My stepdad pretty much dropped everything in the US to come here and start working on this year’s cashew campaign. At 60 years old, I’d say it’s a pretty courageous thing to do because there is no guarantee how things will turn out. He told me he often can’t sleep at night because he is up thinking about how we are going to pull this cashew project off. Mamudo offered a solution to ease his worries.
|Village boys carving out gourds|
My step dad is not Muslim, but he wanted to see what Yaya had to offer. So off we went to Gabu, this time via public transportation.
On a bus in the US, an aisle is an aisle so people can move around. Here, aisles mean more space for more passengers. The autocaro, or our greyhound bus equivalent, was packed! People were stilling in the aisles, there were at least 7 people standing up next to the driver and we all still had to get on and off the bus to show our ID’s at the rest stops. As you might image, it was a very long process.
After 4 hours we arrived in Gabu to wait another 4 hours for another vehicle that would take us to the tabanka. This vehicle was bigger then a van but smaller then a small bus. It was probably one of the scariest rides of my life! The van was filled with 40 people and the top was loaded with personal belongings, bikes, and there was even a goat up there at one point.
|The Van we rode to get to the Village Seao Folbe|
The driver stopped along the road to left people off at different tabankas and eventually we arrived at our destination; sweaty, tired but in one piece. The tabanka we arrived in was made up of maybe 20 families, the neighboring tabankas being a 5/10 minute walk away. We were stayed at Mamudo’s Aunt’s house. Her husband had passed several years before but she lived with lots of Mamadu’s other family members.
Here is a rough summary of my week there:
Day 1: We walked one and a half hours to Yaya’s tabanka. He only speaks Fula, so Mamudu translated Fula to Creole for Ramos. Much to my disappointment I had to wait outside with Buba, Mamudu’s cousin and our guide, while they went into his room. I was told that Yaya would ask for my step-dads name and the name of his mother. He was going to pray that night and would have news for us in the morning. When I got back to Mamadu’s Aunts house I met the infamous Concoran. The Conoran deserves its own blog post but, to be brief, it is a spirit or a human in a trans? I’m not exactly sure what it is, but it is something not human that comes to the villages when young boys get circumcised.
I had not been in any way prepped for this. So when everyone was running away from this thing looking like a pile of carrot shreddings come to life, I, out of ignorance or amazement, but definitely out of confusion stood around and watched. Mamudo’s aunt had to come and grab me to tell me to get out of the way. Apparently the Concoran is a women beater, which is why all the women were running. For some reason in my mind I thought I was untouchable. Spirits can tell the difference between locals and foreigners too right?
|The Concuran and women drumming|
Day 2: We woke up early and made the same hour and a half walk to Yaya’s tabanka. This walk was a lot more quiet. We were all wondering what the ‘divine revelations’ would be.
He gave Ramos some really good news about how everything is going to turn out, so that was a great relief. But he also told Ramos he needs to be careful. Apparently Ramos has enemy’s who don’t want him to be successful, some of them being close friends and family members, and that he needs to learn to keep them at a distance.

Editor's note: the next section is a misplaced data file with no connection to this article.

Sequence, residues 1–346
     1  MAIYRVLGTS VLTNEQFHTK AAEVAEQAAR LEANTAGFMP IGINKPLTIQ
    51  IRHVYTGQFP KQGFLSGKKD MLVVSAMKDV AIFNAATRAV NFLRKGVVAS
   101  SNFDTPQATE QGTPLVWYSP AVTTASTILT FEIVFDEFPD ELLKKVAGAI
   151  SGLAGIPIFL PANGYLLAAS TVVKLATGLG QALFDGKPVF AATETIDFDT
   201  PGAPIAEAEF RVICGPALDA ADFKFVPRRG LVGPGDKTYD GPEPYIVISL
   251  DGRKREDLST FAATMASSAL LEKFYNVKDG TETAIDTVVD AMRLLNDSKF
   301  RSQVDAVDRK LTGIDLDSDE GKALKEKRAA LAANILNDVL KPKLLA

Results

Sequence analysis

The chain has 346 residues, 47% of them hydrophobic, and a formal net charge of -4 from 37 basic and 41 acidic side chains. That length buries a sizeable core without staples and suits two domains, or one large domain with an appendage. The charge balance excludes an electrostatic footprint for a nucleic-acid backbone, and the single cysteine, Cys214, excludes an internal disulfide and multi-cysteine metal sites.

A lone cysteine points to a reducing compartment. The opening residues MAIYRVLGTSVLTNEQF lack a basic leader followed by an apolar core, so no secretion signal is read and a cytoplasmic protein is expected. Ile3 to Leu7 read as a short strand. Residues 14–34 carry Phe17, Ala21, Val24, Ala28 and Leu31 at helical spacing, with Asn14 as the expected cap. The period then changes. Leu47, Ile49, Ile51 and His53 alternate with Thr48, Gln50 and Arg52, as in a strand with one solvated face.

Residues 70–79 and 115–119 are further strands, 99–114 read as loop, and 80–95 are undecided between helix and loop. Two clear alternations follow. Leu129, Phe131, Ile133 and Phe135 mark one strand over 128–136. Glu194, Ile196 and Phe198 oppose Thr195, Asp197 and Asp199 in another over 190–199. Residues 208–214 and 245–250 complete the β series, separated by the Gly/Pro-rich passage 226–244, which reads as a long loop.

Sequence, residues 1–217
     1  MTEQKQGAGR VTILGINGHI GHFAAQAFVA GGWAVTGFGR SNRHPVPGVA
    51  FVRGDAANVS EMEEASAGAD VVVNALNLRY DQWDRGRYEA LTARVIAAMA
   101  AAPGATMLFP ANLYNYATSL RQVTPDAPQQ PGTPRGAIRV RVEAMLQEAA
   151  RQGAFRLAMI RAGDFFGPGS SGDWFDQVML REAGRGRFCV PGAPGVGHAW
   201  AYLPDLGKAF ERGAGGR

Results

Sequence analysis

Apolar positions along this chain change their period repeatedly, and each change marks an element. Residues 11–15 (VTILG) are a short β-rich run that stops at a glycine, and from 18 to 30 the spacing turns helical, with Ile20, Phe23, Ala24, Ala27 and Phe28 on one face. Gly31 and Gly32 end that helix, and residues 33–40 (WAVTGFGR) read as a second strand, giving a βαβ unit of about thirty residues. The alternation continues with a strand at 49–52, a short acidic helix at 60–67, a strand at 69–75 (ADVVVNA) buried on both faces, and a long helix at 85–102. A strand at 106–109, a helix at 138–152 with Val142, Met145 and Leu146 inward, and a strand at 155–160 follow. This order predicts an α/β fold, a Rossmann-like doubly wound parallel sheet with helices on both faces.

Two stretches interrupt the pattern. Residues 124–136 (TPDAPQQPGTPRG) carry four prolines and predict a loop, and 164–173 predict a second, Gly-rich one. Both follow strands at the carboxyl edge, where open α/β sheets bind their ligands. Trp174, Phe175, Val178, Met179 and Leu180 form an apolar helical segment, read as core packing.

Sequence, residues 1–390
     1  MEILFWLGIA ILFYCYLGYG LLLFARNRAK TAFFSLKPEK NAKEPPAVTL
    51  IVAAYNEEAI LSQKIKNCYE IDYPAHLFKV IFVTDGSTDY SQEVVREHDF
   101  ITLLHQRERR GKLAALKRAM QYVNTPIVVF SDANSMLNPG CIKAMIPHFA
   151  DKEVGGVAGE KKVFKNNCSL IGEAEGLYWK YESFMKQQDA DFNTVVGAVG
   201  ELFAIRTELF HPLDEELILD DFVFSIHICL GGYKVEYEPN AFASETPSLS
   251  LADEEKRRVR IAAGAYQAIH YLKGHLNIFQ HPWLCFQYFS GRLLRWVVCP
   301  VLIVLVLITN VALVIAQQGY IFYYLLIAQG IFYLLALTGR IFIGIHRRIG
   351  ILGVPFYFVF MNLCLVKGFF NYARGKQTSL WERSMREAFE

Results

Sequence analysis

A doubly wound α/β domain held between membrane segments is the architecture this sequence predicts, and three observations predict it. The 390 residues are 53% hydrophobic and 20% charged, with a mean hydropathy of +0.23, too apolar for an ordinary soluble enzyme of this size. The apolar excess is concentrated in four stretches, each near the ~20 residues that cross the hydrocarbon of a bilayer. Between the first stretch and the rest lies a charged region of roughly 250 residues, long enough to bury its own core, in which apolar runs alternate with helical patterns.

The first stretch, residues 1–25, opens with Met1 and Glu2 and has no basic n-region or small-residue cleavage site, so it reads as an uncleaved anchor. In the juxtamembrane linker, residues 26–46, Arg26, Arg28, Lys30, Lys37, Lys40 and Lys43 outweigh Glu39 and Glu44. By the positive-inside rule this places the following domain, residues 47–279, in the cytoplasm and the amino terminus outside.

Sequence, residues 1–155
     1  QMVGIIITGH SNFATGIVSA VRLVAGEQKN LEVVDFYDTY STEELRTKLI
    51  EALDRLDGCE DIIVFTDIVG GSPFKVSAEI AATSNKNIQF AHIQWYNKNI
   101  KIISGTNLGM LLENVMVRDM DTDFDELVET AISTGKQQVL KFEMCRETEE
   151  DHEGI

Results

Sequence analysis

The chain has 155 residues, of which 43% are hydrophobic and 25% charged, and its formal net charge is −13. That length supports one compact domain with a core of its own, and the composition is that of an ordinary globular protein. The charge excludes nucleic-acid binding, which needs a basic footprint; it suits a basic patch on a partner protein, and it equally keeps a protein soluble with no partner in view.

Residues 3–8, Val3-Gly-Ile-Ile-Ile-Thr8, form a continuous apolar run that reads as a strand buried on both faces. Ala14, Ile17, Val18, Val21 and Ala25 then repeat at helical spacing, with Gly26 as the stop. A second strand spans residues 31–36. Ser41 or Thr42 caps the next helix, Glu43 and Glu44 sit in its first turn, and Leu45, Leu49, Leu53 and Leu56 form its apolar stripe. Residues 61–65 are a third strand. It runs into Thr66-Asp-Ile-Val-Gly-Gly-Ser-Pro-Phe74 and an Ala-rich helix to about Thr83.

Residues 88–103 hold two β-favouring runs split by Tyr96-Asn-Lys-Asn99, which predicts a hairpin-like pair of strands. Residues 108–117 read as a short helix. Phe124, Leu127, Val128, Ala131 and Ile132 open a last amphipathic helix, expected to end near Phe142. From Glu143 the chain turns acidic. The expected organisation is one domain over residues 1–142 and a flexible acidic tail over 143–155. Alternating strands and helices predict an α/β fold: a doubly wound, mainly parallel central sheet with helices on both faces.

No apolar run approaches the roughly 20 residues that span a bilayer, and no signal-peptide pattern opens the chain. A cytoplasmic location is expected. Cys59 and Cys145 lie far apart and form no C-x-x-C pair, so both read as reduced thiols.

|Ramos and Mamudu give bread to school children|
A quick note on the location: As much as it felt like the middle of nowhere, the international presence in this region was much greater then I would have thought. The Chinese came and put in a water pump, the Spanish had several red cross building, the Japanese had invested in building several schools and I herd that folks from Brazil come every year to help with the bolanhas, or community gardens. There was also a huge absence of men. Women and children could be found everywhere, but grown men were hit by the plague of emigration. They left make money and find better lives for their family. So in the villages it was women running the show.
|Mamudu's Aunt and neighbors pounding rice|
It was noon, so we paid for the bus that said it was leaving at 2 o’clock. 3:30 rolled around and we still hadn’t left. We were told the bus wasn’t going to leave because there weren’t enough passengers. So instead we paid for a car to drive us, which is 3 times as expensive, but it’s a much faster trip and guaranteed to leave Gabu that day. As we waited for more people to fill up the car we saw a sudden wave of people filling up the bus we just got off. The look on my stepdads face was priceless. He had just gotten his money back from the bus to pay for the car only to watch more people get on the bus. It was a game of claiming a seat on the vehicle that leaves first. Fortunately after about 30 minutes enough people filled the car so we could hit the road. As we were leaving we watched more people filling the bus. The driver of our told us it was better we took the car because the bus wouldn’t arrive in Bissau before midnight. It was just past 4 pm at this point.
|Women working on the community garden|
After a week of bucket showers outside in the open and sleeping next to people I didn’t know, I am more then happy to be back in Bissau taking bucket showers indoors and sleeping next to people I do know (I share a bed with Avo Alice).